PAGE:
API Reference Source

Paranoid

Sequelize supports the concept of paranoid tables. A paranoid table is one that, when told to delete a record, it will not truly delete it. Instead, a special column called deletedAt will have its value set to the timestamp of that deletion request.

This means that paranoid tables perform a soft-deletion of records, instead of a hard-deletion.

Defining a model as paranoid

To make a model paranoid, you must pass the paranoid: true option to the model definition. Paranoid requires timestamps to work (i.e. it won't work if you also pass timestamps: false).

You can also change the default column name (which is deletedAt) to something else.

class Post extends Model {}
Post.init({ /* attributes here */ }, {
  sequelize,
  paranoid: true,

  // If you want to give a custom name to the deletedAt column
  deletedAt: 'destroyTime'
});

Deleting

When you call the destroy method, a soft-deletion will happen:

await Post.destroy({
  where: {
    id: 1
  }
});
// UPDATE "posts" SET "deletedAt"=[timestamp] WHERE "deletedAt" IS NULL AND "id" = 1

If you really want a hard-deletion and your model is paranoid, you can force it using the force: true option:

await Post.destroy({
  where: {
    id: 1
  },
  force: true
});
// DELETE FROM "posts" WHERE "id" = 1

The above examples used the static destroy method as an example (Post.destroy), but everything works in the same way with the instance method:

const post = await Post.create({ title: 'test' });
console.log(post instanceof Post); // true
await post.destroy(); // Would just set the `deletedAt` flag
await post.destroy({ force: true }); // Would really delete the record

Restoring

To restore soft-deleted records, you can use the restore method, which comes both in the static version as well as in the instance version:

// Example showing the instance `restore` method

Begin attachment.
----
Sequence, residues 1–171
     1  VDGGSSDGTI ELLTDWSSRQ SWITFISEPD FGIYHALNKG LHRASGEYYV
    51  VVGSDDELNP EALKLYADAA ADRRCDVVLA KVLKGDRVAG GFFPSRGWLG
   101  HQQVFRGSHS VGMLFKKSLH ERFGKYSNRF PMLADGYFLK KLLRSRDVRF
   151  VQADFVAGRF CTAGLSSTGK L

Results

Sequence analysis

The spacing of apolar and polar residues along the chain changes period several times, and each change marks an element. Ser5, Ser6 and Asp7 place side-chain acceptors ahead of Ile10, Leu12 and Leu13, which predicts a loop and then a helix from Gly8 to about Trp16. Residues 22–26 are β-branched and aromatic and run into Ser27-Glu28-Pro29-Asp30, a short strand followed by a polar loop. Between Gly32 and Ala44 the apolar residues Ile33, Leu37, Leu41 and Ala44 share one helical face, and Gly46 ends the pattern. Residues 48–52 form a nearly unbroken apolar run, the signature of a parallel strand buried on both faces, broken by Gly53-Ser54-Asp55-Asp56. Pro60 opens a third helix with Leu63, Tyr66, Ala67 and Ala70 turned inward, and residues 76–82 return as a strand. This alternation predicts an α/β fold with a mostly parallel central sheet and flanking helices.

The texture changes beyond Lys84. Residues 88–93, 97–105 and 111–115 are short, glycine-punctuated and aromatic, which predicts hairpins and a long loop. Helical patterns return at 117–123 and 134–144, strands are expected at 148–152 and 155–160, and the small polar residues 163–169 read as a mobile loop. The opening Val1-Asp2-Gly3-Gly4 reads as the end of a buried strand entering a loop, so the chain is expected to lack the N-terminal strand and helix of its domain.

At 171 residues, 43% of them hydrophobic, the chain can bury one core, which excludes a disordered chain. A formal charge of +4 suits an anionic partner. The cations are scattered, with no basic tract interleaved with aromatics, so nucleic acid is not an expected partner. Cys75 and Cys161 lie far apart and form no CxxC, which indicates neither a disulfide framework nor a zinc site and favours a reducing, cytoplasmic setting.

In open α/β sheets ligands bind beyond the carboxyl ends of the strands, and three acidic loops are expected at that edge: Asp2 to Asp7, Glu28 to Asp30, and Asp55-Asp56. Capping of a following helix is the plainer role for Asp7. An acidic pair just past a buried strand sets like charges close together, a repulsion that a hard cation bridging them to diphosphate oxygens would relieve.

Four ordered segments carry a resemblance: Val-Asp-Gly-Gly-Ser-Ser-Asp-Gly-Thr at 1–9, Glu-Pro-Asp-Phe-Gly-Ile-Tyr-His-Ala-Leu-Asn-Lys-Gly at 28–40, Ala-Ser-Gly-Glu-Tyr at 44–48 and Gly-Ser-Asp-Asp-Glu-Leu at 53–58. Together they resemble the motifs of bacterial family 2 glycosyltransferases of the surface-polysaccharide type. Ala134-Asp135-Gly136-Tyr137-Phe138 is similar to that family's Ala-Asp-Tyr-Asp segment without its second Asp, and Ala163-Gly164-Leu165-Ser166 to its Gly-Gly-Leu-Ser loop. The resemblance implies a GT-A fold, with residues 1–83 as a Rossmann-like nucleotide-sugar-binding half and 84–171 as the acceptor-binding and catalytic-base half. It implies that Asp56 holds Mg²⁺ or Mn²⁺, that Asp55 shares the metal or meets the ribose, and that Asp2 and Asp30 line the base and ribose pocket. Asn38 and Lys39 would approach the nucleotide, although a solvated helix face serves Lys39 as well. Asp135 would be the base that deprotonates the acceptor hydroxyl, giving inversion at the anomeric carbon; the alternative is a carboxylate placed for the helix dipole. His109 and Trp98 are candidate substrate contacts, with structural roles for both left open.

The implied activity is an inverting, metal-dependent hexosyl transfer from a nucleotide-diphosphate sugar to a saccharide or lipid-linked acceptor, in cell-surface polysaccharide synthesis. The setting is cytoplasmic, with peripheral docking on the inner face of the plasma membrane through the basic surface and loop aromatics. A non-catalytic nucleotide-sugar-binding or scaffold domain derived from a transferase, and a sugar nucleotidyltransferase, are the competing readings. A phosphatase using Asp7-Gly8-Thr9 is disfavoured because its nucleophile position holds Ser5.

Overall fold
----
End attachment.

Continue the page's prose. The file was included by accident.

// We create a post, soft-delete it and then restore it back
const post = await Post.create({ title: 'test' });
console.log(post instanceof Post); // true
await post.destroy();
console.log('soft-deleted!');
await post.restore();
console.log('restored!');

// Example showing the static `restore` method.
// Restoring every soft-deleted post with more than 100 likes
await Post.restore({
  where: {
    likes: {
      [Op.gt]: 100
    }
  }
});

Behavior with other queries

Every query performed by Sequelize will automatically ignore soft-deleted records (except raw queries, of course).

This means that, for example, the findAll method will not see the soft-deleted records, fetching only the ones that were not deleted.

Even if you simply call findByPk providing the primary key of a soft-deleted record, the result will be null as if that record didn't exist.

If you really want to let the query see the soft-deleted records, you can pass the paranoid: false option to the query method. For example:

await Post.findByPk(123); // This will return `null` if the record of id 123 is soft-deleted
await Post.findByPk(123, { paranoid: false }); // This will retrieve the record

await Post.findAll({
  where: { foo: 'bar' }
}); // This will not retrieve soft-deleted records

await Post.findAll({
  where: { foo: 'bar' },
  paranoid: false
}); // This will also retrieve soft-deleted records